Coleman isn't sure whether she'll try to put on another such reenactment, but her hesitation has nothing to do with what she believes to be the integrity of the project. 'Is it dehumanizing? No, it's not! It's humanizing,' shesaid. 'It puts a face to what happened. People will remember what they seeand feel and hear far more than what they read.'

From the Editor

I appreciate the interest in the Newsletter and the encouragement I have received from you throughout the year. I especially appreciate the support you have shown by way of submissions. Just when I think I will not have enough material, my trusty regional editors come through and I end up with a larger Newsletter than I had planned. Thank you all.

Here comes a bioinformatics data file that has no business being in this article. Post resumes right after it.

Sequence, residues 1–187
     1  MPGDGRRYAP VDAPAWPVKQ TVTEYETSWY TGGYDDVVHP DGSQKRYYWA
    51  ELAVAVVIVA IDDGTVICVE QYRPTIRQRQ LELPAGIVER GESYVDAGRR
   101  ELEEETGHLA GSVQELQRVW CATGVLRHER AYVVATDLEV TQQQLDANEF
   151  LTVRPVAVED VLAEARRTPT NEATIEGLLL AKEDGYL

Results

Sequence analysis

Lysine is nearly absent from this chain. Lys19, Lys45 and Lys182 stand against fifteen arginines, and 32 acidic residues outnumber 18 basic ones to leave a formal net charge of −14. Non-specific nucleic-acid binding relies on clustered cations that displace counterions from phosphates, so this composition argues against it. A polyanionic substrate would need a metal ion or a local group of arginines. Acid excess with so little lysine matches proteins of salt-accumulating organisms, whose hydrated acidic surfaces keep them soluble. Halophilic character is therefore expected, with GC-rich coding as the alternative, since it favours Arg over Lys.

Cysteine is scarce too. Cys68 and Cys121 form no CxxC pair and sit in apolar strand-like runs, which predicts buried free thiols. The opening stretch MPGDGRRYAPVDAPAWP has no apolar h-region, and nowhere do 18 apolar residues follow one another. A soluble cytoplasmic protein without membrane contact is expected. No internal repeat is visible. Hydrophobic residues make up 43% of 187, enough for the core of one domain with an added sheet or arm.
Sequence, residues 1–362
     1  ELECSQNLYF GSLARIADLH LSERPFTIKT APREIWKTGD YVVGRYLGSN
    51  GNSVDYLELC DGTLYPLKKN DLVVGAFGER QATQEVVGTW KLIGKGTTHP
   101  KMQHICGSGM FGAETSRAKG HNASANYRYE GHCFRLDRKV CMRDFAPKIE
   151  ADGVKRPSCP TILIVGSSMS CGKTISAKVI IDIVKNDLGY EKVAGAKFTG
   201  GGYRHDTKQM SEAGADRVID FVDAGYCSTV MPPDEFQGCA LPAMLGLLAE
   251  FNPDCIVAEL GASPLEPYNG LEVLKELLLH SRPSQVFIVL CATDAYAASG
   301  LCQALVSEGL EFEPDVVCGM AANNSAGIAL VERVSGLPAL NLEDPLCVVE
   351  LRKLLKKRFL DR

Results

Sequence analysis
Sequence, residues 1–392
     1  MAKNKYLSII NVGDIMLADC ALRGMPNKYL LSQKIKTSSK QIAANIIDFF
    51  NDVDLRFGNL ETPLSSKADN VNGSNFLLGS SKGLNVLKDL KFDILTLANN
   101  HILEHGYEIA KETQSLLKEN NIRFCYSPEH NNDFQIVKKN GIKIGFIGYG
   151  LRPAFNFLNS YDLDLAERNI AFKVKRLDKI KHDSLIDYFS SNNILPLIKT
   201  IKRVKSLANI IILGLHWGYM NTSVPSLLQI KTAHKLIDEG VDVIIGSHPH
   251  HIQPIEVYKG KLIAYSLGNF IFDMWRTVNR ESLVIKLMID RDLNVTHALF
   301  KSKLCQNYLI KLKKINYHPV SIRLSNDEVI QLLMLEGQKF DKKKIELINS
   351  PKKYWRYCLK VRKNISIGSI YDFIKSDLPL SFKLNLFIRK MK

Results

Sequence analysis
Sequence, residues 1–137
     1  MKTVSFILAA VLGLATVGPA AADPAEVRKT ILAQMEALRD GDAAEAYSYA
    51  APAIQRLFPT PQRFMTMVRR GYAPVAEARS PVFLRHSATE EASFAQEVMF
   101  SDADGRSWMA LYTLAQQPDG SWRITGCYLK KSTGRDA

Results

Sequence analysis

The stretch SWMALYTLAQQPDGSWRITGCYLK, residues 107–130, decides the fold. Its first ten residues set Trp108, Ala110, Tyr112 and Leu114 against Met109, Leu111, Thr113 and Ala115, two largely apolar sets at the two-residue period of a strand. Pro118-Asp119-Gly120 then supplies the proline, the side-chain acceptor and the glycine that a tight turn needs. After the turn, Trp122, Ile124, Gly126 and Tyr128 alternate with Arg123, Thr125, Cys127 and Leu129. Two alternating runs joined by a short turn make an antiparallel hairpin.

Please remember that the Newsletter can now accept photos and line art, but you will have to submit any artwork in a camera ready format. Please let others know about the Newsletter and consider submitting something yourself. You can submit printed text, a Mac or DOS diskette, or, even better, e-mail me at See you on HISTARCH.

Do not forget the African-American Cross-Cultural Workshop at SHA inWashington. Esther White and Barbara Heath have organized quite a show on Colonoware ceramics.

Tom Wheaton

Electronic version compiled by Thomas R. Wheaton, New South Associates, Inc.

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2005 African Diaspora Archaeology Network